AFCFTA seen as game changer for manufacturers
…while inherent challenges remain a hitch
After six months of delay on the back of the Coronavirus pandemic, Nigerian manufacturers are expectant regarding the commencement of the African Continental Free Trade Area (AFCFTA) which is seen as a game changer for players in Nigeria’s manufacturing sector. It is seen bearing opportunities, which will position the sector for expansion, innovation, growth and development wielding significant impact on the economy.
Amidst the excitement, stakeholders in Nigeria’s manufacturing industry are sceptical about the ability of local manufacturers to take part of the trade agreement and even advance to a competitive position due to various challenges inherent in the system..
Frank Onyebu, chairman, Manufacturers Association of Nigeria ( MAN) Apapa branch, told Businessday that Nigerian manufacturers despite their hard work and ability are not properly positioned to harness the benefits of the trade agreement as they lack the necessary policies and infrastructure to thrive amid such competition with other countries with competitive advantage and better infrastructure.
“We have a lot of problems in Nigeria including infrastructure deficit, unfriendly business policies, epileptic power supply which forces us to self-generate electricity at a higher cost, the almost inaccessible ports, and many other challenges, which has caused us to increase our cost of production as we have to solve the problems ourselves.
“The government needs to put in urgent measures and policies that will aid the competitiveness of local manufacturers, Beyond that the government should provide incentives that will boost productivity in the sector as well and ultimately address the infrastructure challenges ” Onyebu said.
Similarly, in its economic outlook for 2021, the Lagos Chamber of Commerce and Industry (LCCI) states that the trade agreement will provide local industries with a new and larger market, which will establish a strong supply chain with other African countries across borders. It added that the country’s manufacturing sector will be exposed to more competitors which will require players in the sector to become innovative and unique.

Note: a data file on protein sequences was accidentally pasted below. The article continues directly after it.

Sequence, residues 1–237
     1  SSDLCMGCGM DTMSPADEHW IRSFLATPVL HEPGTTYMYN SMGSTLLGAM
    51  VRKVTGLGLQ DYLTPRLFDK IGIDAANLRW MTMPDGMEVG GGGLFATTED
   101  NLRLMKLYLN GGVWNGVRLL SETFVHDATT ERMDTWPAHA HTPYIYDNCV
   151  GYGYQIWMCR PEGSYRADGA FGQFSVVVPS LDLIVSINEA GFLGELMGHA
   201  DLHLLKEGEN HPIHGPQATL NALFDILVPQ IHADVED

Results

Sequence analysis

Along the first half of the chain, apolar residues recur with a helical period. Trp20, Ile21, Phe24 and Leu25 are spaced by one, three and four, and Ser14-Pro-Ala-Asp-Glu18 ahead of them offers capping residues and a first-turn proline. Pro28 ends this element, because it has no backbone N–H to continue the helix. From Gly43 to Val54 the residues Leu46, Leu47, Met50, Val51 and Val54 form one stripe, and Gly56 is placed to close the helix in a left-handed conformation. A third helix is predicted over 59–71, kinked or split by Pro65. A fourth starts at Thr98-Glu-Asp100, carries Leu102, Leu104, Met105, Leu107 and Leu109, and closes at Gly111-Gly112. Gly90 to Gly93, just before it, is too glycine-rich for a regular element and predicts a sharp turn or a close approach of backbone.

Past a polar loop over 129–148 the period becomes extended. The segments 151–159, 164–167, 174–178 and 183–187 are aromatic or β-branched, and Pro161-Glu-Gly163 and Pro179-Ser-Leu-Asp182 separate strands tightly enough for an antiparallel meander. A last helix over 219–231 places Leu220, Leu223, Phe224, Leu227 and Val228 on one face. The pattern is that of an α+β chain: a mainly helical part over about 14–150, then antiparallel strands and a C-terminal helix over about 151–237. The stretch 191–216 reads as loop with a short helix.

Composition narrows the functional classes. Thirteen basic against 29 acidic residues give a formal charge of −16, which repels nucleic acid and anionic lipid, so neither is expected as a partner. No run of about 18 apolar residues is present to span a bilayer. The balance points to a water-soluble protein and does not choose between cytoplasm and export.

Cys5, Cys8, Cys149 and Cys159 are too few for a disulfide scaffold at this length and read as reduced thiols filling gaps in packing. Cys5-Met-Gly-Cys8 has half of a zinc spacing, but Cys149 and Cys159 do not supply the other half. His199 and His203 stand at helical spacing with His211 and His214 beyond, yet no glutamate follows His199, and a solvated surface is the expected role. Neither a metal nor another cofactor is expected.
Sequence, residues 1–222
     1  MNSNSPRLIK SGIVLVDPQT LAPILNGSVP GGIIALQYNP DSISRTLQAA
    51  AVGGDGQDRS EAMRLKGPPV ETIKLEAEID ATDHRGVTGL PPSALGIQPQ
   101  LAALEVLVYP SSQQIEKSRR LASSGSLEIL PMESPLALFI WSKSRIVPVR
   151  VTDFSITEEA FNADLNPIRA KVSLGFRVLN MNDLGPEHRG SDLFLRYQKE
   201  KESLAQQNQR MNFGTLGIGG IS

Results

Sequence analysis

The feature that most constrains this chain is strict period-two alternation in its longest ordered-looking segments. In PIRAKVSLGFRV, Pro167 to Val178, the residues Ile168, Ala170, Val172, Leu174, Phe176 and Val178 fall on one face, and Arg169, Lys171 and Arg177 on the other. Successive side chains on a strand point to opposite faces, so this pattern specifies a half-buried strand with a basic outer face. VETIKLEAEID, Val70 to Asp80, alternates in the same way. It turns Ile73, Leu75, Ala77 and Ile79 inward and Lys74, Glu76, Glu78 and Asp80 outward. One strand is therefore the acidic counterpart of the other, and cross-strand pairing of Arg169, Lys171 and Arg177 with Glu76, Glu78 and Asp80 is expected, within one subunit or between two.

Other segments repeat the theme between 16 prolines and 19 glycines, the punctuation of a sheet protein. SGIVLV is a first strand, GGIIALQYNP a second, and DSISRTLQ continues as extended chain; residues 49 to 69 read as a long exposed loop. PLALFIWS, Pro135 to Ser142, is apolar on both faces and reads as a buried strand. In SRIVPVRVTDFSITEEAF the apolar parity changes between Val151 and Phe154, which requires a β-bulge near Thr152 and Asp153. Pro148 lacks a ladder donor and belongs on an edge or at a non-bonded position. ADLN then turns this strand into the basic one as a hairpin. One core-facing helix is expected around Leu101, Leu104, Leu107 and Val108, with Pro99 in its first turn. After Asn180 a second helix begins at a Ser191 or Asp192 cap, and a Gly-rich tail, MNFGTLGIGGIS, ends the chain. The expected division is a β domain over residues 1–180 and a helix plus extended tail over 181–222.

“The AFCFTA poses new competitiveness risk for Nigeria firms, especially for those in the real sector of the economy as it serves as an avenue for local industries to penetrate new markets and establish strong cross-border supply chains with other African countries.” it states.
The LCCI also affirms that the trade agreement will be beneficial not only to the manufacturing sector but also to the trade sector as well as it states that the performance of the trade sector in year 2021 will be shaped by the direction of government policies regarding the AFCFTA.
Jide Babatope, a Lagos based economic analyst, said while players in Nigeria’s industrial sector may be adequately prepared to participate in the trade agreement, it is necessary for the government to create an avenue for manufacturers to fully harness the benefits of AFCFTA. “Only countries with open, pleasant, and enabling business environment will benefit from the agreement, and this highlights the need for Nigeria to tactically position itself for significant trade benefits,
As the AFCFTA kicks off, the government should provide adequate support in order for manufacturers to penetrate new African markets and fully enjoy the benefits of the trade agreement, if not properly addressed; inherent challenges will dampen the chances of the sector going forward.” Babatope said.
The United Nations Economic Commission for Africa (UNECA) projects that the trade agreement will boost intra-african trade by between $50bn and $70bn in monetary terms, with a 40 percent to 50 percent increase over the first 20 years of its implementation. In addition, the trade agreement is hoped to expand a market of 1.2 billion people and a gross domestic product ( GDP) of $2.5 trillion across all 55 member states of the African Union.